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Sexism and Reviews and Anthologies - oldcharliebrown [entries|archive|friends|userinfo]
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Sexism and Reviews and Anthologies [Jan. 21st, 2010|08:31 am]
oldcharliebrown
This is a response to a message board discussion of this review. What's the number one rule with regards to reviews, generally? Don't respond to them. But then I guess it couldn't be helped, this time around, prompting all kinds of craziness, here. I'll quote only the best, though:

"This tired canard of editor bias has been addressed before, and recently, by first-rate editors such as Ellen Datlow, Gordon van Gelder et al. The truth is that the overwhelming majority of submissions to Panverse--at least 75%--came from male authors, and this editor is not about to enforce any kind of quota or positive discrimination to 'shield himself from accusations of sexism', as you put it. Stories are accepted solely on merit, and nothing else. To suggest otherwise only reflects the accuser's own bias and slavish belief in the bankrupt ideology of political correctness. "

The old "merit" excuse rears its ugly head . . . ignoring the fact that so many other variables do go into submissions.

"If the implication that publishers--any publisher--have a gender bias is given any credence, pretty soon editors may well start glancing at their acceptances or TOCs, and be tempted to lower the bar, imposing a quota to guard themselves or their house against allegations of bias."
 
Because attempting to make your anthology better, by outreaching, is seen as lowering the bar? WTF.
 
or

"The gender disparity in published SF isn't the result of bias in the editorial story selection process. The gender disparity exists because men, in general, are more disposed to enjoy reading SF than women, in general, are. More men than women enjoy reading SF, and thus more men than women write SF."

. . . and this is based on what evidence?

It isn't all bad, though:

"[Our] world [has] a long history of denying women's voices, even in this country. In light of this history, although I can't fault an editor for publishing "on par with the women who have submitted," there's still something rotten with society when the numbers can become so skewed. Also, some publications in [this] world do give the impression that they have to almost be going out of their way to exclude women. It happens. Such publications do cause questions to be raised and considering our history and the tenacity of culture to sustain itself, it's difficult in many of these cases to actually exclude sexual bias as a motivating factor. In regards to women and fantasy, that they may be making many inroads there is no accident.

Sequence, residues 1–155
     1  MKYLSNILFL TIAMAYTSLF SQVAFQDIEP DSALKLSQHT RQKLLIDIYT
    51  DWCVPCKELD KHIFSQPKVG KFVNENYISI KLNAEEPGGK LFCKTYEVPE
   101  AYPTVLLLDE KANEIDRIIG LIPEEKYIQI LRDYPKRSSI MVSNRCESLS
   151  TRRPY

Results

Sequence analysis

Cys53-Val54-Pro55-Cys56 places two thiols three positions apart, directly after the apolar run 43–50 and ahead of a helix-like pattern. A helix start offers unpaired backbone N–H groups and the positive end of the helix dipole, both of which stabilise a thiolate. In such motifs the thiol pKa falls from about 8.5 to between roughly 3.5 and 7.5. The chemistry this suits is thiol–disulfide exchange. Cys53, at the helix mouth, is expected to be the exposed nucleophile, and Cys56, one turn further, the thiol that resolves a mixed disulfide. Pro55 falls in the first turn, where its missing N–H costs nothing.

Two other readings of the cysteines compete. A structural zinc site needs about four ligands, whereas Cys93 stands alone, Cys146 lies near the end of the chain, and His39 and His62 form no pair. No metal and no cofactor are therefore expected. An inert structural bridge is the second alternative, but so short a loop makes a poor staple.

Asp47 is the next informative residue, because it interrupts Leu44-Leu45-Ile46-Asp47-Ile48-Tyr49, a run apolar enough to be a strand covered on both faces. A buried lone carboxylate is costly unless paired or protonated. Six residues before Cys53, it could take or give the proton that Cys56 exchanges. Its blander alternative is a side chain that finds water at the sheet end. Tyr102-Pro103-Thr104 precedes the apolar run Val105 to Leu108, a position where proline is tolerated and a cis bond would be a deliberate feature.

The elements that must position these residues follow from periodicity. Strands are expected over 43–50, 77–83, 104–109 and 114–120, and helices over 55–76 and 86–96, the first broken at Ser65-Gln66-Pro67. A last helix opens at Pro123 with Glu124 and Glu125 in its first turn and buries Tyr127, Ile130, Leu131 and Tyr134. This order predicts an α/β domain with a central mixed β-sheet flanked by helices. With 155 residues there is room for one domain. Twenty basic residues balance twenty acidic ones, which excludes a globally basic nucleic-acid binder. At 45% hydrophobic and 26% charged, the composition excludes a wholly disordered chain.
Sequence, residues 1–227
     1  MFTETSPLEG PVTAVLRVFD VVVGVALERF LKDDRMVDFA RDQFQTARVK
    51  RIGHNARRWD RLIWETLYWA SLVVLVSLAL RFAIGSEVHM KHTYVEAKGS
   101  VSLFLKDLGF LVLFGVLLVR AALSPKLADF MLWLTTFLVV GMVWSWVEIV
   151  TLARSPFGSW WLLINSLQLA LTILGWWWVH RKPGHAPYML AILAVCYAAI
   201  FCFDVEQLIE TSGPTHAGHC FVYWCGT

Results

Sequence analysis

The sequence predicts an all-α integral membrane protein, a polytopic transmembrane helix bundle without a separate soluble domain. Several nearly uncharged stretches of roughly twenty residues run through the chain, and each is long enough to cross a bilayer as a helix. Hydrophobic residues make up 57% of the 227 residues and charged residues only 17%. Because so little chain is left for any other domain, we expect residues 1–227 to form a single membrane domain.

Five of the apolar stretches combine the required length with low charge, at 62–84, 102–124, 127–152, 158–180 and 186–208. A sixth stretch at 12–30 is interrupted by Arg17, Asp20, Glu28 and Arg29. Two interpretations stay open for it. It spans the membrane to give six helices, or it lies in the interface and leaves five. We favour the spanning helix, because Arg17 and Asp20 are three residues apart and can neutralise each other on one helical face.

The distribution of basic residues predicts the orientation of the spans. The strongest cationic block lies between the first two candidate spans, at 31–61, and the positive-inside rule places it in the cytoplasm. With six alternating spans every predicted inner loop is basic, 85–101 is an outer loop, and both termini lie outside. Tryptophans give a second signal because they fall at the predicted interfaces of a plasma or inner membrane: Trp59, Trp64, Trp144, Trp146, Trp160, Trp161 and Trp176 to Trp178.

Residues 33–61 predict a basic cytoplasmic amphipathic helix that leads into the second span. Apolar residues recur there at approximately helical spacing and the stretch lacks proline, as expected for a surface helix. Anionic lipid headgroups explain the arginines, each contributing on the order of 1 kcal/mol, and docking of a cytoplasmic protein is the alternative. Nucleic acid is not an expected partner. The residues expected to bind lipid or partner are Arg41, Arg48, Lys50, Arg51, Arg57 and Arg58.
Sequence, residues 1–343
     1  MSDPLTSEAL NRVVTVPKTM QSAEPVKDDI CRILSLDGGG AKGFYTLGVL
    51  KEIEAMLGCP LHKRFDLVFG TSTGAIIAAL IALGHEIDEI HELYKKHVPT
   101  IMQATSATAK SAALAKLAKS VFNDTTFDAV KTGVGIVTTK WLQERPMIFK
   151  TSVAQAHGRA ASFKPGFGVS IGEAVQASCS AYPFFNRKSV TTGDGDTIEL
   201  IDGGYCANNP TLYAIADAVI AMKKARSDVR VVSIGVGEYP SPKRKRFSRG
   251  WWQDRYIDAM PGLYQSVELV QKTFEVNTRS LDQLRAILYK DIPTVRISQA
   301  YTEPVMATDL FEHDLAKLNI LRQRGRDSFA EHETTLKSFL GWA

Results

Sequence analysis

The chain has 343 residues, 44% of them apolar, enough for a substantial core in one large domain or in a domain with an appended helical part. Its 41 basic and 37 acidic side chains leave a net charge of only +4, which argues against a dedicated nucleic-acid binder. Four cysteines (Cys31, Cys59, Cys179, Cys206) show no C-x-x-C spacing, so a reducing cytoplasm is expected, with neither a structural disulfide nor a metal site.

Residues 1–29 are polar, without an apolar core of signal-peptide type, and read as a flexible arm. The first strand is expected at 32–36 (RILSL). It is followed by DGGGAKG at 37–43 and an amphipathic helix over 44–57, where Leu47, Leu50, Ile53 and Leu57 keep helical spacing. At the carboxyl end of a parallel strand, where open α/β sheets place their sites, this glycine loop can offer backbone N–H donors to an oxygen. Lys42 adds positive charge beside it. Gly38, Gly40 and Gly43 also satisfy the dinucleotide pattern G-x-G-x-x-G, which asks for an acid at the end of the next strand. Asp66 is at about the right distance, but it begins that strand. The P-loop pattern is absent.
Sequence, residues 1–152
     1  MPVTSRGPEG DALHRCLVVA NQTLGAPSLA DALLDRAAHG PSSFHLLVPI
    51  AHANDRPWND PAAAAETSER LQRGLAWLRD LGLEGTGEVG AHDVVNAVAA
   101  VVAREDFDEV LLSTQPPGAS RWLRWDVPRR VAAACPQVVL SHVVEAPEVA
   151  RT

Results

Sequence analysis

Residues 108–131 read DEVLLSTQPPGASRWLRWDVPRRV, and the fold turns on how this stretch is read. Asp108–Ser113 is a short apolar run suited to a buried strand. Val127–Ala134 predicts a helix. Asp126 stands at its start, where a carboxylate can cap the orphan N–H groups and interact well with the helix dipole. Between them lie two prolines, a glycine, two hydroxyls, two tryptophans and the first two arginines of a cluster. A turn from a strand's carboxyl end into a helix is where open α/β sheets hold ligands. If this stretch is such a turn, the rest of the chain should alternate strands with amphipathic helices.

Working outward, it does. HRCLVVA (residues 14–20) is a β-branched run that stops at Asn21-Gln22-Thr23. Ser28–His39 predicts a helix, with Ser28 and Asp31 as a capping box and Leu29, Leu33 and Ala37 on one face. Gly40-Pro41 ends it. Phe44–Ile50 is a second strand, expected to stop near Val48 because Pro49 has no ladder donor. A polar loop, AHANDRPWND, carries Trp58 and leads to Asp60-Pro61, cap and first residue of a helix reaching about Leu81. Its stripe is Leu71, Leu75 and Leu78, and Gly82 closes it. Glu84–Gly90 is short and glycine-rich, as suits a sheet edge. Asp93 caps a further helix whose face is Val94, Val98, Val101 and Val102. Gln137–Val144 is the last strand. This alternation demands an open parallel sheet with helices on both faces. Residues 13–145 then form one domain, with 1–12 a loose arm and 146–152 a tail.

and

"In light of this long history of silencing and dismissing women's voices we've had . . . coupled with a nontransparent submission system, are the words, "I also hope that subsequent issues feature at least some female authors. A 100% male author list suggests a bias, which I’m sure is subconscious, but it’s a statistical anomaly that makes me look askance at the impartiality of the editor," fighting words? To me, they're not."

They're certainly not fighting words, I'd have to agree. But they do give some food for thought, and the hope is that something is learned from all this.
LinkReply

Comments:
[User Picture]From: j_cheney
2010-01-21 02:01 pm (UTC)
I have a novella scheduled to be in P2. ;o)
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[User Picture]From: oldcharliebrown
2010-01-21 02:15 pm (UTC)
I think Amy Sterling Casil is also in the second volume. I don't know who else is in it, though.
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[User Picture]From: j_cheney
2010-01-21 02:16 pm (UTC)
The editor wasn't planning on releasing the TOC quite yet... ;o)
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[User Picture]From: ideealisme
2010-01-21 03:03 pm (UTC)
Anonymous submissions is not a bad idea IMO. Tho I did have to laugh when the people thought Reggie was a man's name (an understandable mistake, but funny when they got it wrong.)
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[User Picture]From: m_danson
2010-01-21 05:17 pm (UTC)
Sometimes people have problems identifying my gender from my legal name too. It's happened often enough that I've gotten used to it.
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[User Picture]From: birdhousefrog
2010-01-21 03:12 pm (UTC)
Oh I very much doubt that there's any real support to 'men read more sf than women' and why that would affect who should write it or be published, as if males only read male writers and females only read female writers.

I've read sf over fantasy for most of my adult life. I read more fantasy as a girl, but I think that's because there was a lot of it in the children's section of the library (mostly written by men, btw) and when I was a teen, not that much had been published for adults yet.

I think this idea of 'lowering the bar' is BS, as you say. There are so many qualified stories by any gender.

Oz
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[User Picture]From: cucumberseed
2010-01-21 03:18 pm (UTC)

look on the bright side

If the first couple of pull quotes are true, then FM gets *all* the good subs by female authors.
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[User Picture]From: kelly_barnhill
2010-01-21 04:23 pm (UTC)

The only answer is blind readings

Ah. I love it when people throw out non-facts. Men read more sci-fi, my eye. How about citing a source on that one? Can't do it, can ya? Didn't think so.